You Fit into Me by Margret Atwood and Cherrylog Road by James Dickey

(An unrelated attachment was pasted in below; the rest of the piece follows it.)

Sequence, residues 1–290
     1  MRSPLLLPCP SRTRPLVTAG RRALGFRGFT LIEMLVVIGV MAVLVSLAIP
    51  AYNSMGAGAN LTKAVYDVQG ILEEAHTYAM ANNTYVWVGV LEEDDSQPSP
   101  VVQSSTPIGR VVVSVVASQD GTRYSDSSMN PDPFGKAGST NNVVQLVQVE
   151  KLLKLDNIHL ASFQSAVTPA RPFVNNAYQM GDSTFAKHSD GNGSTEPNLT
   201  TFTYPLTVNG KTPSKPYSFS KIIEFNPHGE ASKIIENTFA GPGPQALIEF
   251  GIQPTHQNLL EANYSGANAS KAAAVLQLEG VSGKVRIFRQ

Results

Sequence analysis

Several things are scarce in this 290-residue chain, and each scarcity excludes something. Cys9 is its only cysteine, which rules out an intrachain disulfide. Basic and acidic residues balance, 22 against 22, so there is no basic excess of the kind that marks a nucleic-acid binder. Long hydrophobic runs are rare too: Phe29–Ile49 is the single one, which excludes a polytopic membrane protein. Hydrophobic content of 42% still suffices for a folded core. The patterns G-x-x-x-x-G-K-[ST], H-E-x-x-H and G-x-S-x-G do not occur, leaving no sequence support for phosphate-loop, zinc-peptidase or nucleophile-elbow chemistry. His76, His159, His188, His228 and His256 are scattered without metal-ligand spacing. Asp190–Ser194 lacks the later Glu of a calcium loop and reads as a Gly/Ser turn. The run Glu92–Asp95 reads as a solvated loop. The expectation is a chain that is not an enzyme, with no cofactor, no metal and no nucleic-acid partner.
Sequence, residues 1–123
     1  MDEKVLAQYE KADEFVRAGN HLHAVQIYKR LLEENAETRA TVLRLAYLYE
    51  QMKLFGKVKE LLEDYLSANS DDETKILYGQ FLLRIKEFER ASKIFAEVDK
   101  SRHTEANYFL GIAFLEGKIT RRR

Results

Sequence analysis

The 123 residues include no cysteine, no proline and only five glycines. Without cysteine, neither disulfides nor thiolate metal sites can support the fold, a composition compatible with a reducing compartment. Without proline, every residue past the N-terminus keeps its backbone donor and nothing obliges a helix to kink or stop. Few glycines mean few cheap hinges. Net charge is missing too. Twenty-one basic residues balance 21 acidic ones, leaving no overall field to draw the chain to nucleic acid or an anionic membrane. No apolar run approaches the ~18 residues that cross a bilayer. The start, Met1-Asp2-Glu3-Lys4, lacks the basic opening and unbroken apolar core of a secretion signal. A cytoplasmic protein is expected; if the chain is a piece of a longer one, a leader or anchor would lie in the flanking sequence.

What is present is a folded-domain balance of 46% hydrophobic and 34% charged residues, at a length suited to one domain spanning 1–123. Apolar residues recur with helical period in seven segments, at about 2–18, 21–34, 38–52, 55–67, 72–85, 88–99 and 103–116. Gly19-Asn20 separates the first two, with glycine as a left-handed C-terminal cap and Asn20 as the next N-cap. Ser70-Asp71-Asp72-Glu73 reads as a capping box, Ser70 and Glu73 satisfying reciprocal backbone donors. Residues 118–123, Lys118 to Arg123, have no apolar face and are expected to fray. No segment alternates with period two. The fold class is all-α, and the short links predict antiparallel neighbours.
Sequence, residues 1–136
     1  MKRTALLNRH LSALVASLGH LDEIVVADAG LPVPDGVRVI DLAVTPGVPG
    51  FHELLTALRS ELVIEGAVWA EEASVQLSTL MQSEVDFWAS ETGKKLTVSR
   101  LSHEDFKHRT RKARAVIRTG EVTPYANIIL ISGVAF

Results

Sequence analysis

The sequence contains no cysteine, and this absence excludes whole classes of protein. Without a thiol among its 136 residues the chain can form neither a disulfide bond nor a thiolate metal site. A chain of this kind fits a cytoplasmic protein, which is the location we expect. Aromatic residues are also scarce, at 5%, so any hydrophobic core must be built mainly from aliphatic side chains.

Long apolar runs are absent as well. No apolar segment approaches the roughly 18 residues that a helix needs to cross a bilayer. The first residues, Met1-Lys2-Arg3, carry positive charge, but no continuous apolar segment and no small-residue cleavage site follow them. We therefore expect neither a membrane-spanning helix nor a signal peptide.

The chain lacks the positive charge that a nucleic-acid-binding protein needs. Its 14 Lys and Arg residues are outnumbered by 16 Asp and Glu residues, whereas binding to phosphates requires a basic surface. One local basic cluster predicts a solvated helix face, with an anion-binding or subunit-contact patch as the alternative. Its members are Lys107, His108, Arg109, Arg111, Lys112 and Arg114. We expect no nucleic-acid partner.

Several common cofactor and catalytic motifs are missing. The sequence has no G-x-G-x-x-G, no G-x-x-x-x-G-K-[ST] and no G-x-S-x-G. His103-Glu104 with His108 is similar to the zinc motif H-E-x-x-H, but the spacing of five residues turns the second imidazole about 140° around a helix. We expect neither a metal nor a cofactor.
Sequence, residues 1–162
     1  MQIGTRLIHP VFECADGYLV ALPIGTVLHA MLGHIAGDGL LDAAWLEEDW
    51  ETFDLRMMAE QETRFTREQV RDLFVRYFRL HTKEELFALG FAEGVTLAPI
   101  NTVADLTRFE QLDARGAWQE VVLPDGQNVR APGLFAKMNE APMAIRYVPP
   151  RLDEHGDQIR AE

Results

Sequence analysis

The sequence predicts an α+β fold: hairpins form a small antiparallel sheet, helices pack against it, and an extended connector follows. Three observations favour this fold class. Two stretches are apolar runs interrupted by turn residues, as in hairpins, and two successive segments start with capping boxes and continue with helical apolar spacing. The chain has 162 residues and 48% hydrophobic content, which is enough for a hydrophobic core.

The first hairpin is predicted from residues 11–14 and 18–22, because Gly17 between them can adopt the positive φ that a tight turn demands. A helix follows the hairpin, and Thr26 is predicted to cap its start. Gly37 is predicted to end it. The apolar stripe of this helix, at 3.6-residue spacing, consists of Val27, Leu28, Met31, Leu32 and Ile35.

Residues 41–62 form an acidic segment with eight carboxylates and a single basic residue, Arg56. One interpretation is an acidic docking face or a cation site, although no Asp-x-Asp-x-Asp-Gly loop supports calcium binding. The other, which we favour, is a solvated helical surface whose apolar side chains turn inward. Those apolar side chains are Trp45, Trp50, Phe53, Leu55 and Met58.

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The poem by Margret Atwood, You Fit Into Me, and James Dickey’s Cherrylog Road have similar underlying truths. These two poems are similar because the universal truth behind both go “hand in hand”. Both Atwood’s and Dickey’s poems are perfectly set up in a timely fashion. What I mean by that is that they both illustrate change over time. They both list the events in the order they happened. The poems both display that the lust, love and yearn for someone that you are infatuated with always ends at some point. In Margret Atwood’s narrator’s situation, that period of time was obviously very painful. James Dickey however portrays a deeper meaning of love, saying love that lasts means acceptance and that acceptance sometimes means realizing that it is over. This love that dickey conveys is not for the person but for the experience with this girl. He explains that both people are “Wild to be wreckage forever” (Dickey, line 108) though the moment will always be in his mind and will never be wrecked for forgotten. James Dickey shows that the narrator goes though the stages of infatuation from beginning to end by telling a story of making love. Atwood tells a short but sweet story of infatuated love with a complete turn of events that absolutely slaps the reader in the face. The narrator goes through a complete metamorphosis in a matter of ten simple words. It is safe to say Atwood’s sneaky attempt to throw the reader for a loop that they become fixated in

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